My Looks


When I was 22 years old, newly graduated from college and living in a junior one-bedroom in West Hollywood, my apartment was broken into while I was at the gym one evening. My camera was taken – the thief had tried to take my laptop, too, but had been unable to remove it from the docking station – but far, far worse: my jewelry box was gone from its spot on my bedside table.

I’m not a person who’s overly precious about possessions. My general feeling is that things are just things, and that they should be used. If a dish breaks or a piece of furniture gets a crack in it or a purse gets a stain, well, that’s just the price you pay for owning – and loving – something. But my jewelry – by which I mean my real jewelry, my karat gold pieces, most of them handed down from my mom or given to me to by Kendrick – those I feel differently about. They’re not just “things”…they’re my history – and, more than that, they’re my family’s history.

What was stolen from my West Hollywood apartment that summer evening: a glass bracelet from my mother’s best friend that I believed – for whatever reason – had once belonged to a Chinese princess. A lima bean necklace that my parents had given to me for my sixteenth birthday. And – most heartbreaking of all – a solid karat gold watch that my grandfather had bought for my grandmother with the $200 he was given when he was discharged from the army. I was devastated by the loss – but it wasn’t about the watch, of course; it was about my grandparents. I still think of that watch often, and part of me hopes that somewhere, someone out there is enjoying it. I hope it means something to them, too.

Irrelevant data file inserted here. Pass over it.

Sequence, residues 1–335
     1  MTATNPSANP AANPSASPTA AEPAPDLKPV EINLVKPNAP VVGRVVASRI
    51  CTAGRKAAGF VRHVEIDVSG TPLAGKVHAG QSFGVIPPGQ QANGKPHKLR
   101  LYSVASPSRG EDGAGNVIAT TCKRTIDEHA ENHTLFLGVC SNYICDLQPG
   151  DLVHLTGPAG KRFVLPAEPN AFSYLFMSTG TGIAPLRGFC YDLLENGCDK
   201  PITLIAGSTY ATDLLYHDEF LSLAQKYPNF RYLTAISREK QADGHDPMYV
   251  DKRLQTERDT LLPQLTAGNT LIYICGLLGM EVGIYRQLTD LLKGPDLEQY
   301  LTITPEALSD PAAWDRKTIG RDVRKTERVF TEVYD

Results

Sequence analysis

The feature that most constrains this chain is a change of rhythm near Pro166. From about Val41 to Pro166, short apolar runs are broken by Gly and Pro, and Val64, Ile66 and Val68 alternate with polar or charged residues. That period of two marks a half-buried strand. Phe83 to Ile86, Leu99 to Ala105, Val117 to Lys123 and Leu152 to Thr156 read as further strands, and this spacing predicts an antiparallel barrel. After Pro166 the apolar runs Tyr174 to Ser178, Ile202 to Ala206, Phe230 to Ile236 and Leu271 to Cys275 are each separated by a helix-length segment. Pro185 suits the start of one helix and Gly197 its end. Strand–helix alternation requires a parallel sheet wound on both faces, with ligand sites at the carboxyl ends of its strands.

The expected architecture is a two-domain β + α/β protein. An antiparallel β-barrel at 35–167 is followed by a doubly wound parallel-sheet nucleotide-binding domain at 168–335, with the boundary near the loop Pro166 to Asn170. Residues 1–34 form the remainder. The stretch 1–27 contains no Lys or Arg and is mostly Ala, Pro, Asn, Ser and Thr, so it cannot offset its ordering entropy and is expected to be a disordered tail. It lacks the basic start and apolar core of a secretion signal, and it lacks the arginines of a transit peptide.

What wasn’t taken were two pieces that I very fortunately happened to be wearing at the time of the break-in; the two pieces you see on me here. One is a karat gold necklace that my father bought my mother many decades ago for no special reason – just because she looked so beautiful in it – and the other is my mother’s original karat gold-and-sapphire wedding ring…which also happens to be the ring that Kendrick took from my right-hand ring finger and slipped onto my left on the night that he proposed.

I love these pieces because I think they’re beautiful, of course, but even more: I love them because they’ll last forever. Because they’re not just mine; they’re my daughter’s now, too. One day she’ll put that ring on her own hand, and the memories that it holds for her will be my mother’s, and mine, and her own: the history of the women in our family, all wrapped up in one lttle circle of gold.

Jordan Reid

Jordan Reid

This post was created in collaboration with May Is Gold Month. Photos by Sue Hudelson

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